By Richard von Busack
Much of Legend of the Fist: The Return of Chen Zen is golden superhero garbage, with Donnie Yen dressed in the black livery and visor mask of Kato from the Green Hornet, walloping most of Shanghai.
Director Wai-keung Lau (known as Andrew Lau) makes a kind-of sequel to the 1972 Bruce Lee Fist of Fury. It’s a mix of western tropes and kung fu mayhem. My favorite moment of culture clash: after hours at the Club Casablanca, Yen drowns some heartache with a glass of whisky, while tickling out a minor-key version of “The Internationale” at funeral-march tempo on a grand piano. Of all the gin joints in all the towns in the world, that agent of imperialism had to come into mine.
Well he might brood: Yen’s Chen survived a little known chapter of history—historian Xu Guogi describes it in Strangers on the Western Front. Some 140,000 Chinese troops, badly armed, were sent to WWI to perform manual labor for the Allies.
Now a vet back in China during the 1920s, Chen sees trouble everywhere: the Japanese military (led by ultra-sadistic colonel Ryu Kohata) is planning to start WWII 20 years early. A Zorro-like movie is in Shanghai. Chen steals the hero’s costume from a window display and becomes a masked avenger, inspiring both the public and the supine local police to take a stand.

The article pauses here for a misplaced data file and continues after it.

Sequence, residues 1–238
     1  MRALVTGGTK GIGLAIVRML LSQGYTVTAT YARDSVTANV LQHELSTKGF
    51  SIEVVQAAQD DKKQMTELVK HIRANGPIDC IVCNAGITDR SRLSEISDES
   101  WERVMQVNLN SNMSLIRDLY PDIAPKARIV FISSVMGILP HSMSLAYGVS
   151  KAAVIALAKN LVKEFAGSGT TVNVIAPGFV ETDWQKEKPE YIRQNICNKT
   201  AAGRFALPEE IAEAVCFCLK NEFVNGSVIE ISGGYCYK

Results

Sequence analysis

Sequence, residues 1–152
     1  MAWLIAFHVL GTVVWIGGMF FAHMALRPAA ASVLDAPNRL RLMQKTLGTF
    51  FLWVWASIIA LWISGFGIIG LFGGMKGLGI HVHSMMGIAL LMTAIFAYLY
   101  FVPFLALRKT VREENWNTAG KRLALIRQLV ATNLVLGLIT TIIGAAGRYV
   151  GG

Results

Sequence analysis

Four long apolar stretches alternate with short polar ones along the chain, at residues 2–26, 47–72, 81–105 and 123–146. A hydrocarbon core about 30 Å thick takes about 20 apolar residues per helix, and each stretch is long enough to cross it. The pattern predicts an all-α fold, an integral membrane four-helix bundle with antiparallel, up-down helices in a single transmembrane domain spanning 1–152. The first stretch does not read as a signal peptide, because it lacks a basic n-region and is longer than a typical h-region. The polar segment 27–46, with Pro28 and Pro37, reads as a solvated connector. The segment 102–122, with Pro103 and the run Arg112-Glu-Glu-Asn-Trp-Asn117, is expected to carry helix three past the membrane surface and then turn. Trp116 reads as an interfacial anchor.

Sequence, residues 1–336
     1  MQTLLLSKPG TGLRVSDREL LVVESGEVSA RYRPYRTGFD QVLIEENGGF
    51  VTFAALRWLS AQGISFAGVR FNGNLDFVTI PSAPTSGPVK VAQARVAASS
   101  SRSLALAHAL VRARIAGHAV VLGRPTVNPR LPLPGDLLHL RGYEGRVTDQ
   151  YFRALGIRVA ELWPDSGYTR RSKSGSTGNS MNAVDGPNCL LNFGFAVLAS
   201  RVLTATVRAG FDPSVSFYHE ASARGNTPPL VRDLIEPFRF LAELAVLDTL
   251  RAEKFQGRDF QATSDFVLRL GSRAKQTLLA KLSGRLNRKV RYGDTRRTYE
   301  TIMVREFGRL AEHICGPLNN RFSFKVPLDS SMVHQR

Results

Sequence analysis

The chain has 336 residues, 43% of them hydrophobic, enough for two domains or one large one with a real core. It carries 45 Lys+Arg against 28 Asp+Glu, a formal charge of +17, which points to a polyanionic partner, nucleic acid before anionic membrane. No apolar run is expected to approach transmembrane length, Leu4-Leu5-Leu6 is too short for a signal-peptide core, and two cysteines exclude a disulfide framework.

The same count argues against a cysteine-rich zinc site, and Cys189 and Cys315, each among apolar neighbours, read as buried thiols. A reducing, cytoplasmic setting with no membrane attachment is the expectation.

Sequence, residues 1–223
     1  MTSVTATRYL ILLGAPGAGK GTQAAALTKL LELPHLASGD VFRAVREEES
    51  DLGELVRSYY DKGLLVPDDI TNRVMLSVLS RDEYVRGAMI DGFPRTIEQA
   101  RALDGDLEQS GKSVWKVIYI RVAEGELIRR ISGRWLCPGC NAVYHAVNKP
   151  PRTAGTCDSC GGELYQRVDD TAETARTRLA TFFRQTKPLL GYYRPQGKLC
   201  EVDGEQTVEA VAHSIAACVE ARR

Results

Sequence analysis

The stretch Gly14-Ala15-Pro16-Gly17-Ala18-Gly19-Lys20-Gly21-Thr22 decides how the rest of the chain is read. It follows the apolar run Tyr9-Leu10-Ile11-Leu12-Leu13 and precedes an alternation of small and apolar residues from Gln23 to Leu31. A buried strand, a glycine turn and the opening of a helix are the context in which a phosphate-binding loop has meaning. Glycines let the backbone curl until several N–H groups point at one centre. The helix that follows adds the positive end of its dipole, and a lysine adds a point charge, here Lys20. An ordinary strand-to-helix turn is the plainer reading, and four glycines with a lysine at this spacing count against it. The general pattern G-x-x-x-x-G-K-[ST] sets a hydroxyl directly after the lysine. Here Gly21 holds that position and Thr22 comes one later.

The film crashes out of the gate with Chen’s bayonet attack on a battalion of the Kaiser’s men. It finishes with a articulated take down of an entire dojo (flashbacks of the villain’s evil come during the final duel, just in case we forgot his atrocities).
Very satisfactory mayhem, certainly, but there’s a troubling undertone to the way the film broods over encirclement and national humiliation, more so than perhaps any Chinese martial arts film to date.
We keep hearing how western powers loved a divided China…yet no Hollywood film about that period was complete without a scene of a plutocrat in a white dinner jacket, complaining about how the Chinese civil war was interfering with trade. Legend of the Fist amps up the geek-fodder (torture scenes and slow-strangulations); meanwhile it tries to denounce the satin clothes, neon decadence and western trinkets the camera loves so dearly.